“SportsCenter” reporter Sage Steele has issued an apology after she made some controversial statements about Barack Obama and the COVID-19 vaccine. During a recent appearance on Jay Cutler’s podcast, the anchor questioned the former president’s Blackness and shared her thoughts about his decision to identify as African American on the United States census.

“I’m like, ‘Well, congratulations to the president. That’s his thing,’” she said. “I think that’s fascinating considering his Black dad was nowhere to be found, but his white mom and grandma raised him, but hey, you do you. I’m going to do me.”

When revealing that she got vaccinated after Disney’s COVID-19 mandate, Steele said that “is it sick and it’s scary” to see the corporate world require their employees to take the shot.

“I respect everyone’s decision. I really do,” she told Cutler. “But to mandate it is sick and it’s scary to me in many ways. But I have a job, a job that I love and frankly, a job that I need.”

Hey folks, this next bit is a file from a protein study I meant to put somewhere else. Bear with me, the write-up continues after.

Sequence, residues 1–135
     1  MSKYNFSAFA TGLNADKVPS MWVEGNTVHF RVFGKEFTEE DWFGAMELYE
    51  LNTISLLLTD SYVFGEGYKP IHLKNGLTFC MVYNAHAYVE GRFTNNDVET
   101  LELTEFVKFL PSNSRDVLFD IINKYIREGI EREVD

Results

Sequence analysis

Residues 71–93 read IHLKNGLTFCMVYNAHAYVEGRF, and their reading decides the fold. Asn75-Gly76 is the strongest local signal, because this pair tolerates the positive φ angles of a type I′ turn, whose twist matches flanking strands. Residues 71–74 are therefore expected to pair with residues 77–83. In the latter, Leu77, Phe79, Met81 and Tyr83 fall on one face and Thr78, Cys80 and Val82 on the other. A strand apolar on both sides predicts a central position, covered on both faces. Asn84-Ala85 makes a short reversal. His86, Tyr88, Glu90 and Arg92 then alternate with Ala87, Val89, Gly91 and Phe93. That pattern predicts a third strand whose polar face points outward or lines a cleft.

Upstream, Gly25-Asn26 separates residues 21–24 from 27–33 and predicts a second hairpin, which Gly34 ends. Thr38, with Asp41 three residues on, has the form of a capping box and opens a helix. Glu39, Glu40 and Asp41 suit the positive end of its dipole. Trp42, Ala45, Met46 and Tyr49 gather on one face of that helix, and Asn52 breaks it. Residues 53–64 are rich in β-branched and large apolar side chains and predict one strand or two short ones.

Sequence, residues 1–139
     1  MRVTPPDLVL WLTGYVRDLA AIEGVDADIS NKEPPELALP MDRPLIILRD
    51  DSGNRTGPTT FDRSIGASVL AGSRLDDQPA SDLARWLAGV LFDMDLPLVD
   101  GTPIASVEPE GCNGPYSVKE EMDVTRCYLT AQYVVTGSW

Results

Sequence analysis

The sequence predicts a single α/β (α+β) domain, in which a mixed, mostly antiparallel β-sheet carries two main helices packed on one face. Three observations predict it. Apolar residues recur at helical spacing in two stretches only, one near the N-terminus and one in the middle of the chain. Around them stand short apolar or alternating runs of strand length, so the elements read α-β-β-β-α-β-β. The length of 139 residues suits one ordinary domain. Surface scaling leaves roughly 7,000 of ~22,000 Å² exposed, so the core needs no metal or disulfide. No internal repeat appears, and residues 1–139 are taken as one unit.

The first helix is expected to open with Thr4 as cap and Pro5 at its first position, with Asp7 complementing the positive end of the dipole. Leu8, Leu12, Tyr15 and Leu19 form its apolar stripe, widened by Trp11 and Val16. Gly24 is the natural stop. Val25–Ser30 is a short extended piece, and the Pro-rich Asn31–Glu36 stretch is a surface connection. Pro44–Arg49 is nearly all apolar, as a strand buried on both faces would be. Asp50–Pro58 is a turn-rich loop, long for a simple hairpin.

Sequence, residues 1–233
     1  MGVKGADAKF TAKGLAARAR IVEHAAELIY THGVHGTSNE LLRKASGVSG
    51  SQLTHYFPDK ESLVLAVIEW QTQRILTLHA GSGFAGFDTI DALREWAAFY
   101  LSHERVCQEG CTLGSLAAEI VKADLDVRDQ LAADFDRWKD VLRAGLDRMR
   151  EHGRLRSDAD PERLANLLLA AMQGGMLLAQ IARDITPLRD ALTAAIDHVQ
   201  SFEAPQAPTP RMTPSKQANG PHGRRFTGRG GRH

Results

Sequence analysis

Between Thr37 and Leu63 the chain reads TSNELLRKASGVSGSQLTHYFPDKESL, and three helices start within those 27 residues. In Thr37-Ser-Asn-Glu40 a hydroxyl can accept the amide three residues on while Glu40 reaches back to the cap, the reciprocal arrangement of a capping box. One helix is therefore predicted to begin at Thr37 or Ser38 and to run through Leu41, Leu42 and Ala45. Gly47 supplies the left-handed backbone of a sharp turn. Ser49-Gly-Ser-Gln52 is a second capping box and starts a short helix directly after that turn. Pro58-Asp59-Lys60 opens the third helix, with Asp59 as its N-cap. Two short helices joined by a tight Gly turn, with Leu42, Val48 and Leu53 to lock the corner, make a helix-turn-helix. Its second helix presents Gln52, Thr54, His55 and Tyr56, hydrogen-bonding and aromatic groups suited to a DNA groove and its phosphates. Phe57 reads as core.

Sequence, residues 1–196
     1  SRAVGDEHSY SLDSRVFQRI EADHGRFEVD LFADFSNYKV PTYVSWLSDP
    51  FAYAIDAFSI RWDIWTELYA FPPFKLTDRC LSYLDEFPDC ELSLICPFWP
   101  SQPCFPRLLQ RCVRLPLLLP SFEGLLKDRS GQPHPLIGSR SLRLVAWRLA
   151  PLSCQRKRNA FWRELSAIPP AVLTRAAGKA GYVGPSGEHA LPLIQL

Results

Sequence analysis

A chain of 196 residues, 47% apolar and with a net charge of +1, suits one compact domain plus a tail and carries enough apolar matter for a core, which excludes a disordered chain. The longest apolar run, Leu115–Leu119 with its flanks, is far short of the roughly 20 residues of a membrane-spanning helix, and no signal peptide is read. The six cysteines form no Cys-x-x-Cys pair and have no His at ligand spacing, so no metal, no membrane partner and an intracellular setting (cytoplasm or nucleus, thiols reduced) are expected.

The reporter also expressed her belief that some young women journalists in the male-dominated sports industry dress in a way that lead to them being sexually harassed. “When you dress like that, I’m not saying you deserve the gross comments, but you know what you’re doing when you’re putting that outfit on, too,” she said.

The comments from Steele immediately drew criticism, prompting ESPN to release a statement on the matter.

“At ESPN, we embrace different points of view,” the statement read. “That said, we expect that those points of view be expressed respectfully, in a manner consistent with our values, and in line with our internal policies. We are having direct conversations with Sage and those conversations will remain private.”

Steele has since apologized for her controversial thoughts. “I know my recent comments created controversy for the company, and I apologize,” the “SportsCenter” anchor said Tuesday (Oct. 5). ”We are in the midst of an extremely challenging time that impacts all of us, and it’s more critical than ever that we communicate constructively and thoughtfully.”

See a clip from Steele’s conversation with Cutler below.